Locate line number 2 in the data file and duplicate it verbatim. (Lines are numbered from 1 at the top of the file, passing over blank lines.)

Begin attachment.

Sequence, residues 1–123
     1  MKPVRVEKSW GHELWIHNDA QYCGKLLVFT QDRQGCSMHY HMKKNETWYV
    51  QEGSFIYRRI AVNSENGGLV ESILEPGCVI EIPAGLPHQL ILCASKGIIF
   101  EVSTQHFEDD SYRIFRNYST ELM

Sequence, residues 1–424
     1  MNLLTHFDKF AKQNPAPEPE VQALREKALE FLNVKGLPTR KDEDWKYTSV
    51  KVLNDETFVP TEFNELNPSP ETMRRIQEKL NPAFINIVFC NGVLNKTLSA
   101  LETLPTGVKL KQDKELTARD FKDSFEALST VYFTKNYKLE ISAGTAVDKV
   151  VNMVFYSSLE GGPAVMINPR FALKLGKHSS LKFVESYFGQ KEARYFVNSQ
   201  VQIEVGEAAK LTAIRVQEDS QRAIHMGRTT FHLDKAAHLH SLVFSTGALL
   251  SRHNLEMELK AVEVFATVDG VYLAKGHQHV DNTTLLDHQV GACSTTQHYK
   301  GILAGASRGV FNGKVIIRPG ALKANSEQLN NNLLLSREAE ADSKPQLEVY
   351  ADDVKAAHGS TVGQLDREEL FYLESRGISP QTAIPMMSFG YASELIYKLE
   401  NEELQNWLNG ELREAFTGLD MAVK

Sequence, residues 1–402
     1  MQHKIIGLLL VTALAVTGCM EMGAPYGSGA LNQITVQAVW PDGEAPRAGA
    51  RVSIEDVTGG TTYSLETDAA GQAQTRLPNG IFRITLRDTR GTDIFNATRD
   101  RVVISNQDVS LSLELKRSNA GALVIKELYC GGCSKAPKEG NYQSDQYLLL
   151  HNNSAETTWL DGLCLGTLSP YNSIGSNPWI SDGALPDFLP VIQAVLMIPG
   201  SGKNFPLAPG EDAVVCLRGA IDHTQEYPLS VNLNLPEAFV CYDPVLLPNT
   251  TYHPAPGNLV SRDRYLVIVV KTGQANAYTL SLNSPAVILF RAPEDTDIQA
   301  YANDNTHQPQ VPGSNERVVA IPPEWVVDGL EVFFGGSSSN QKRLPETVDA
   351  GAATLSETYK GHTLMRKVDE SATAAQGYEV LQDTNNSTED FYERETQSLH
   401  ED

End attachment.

     1  MKPVRVEKSW GHELWIHNDA QYCGKLLVFT QDRQGCSMHY HMKKNETWYV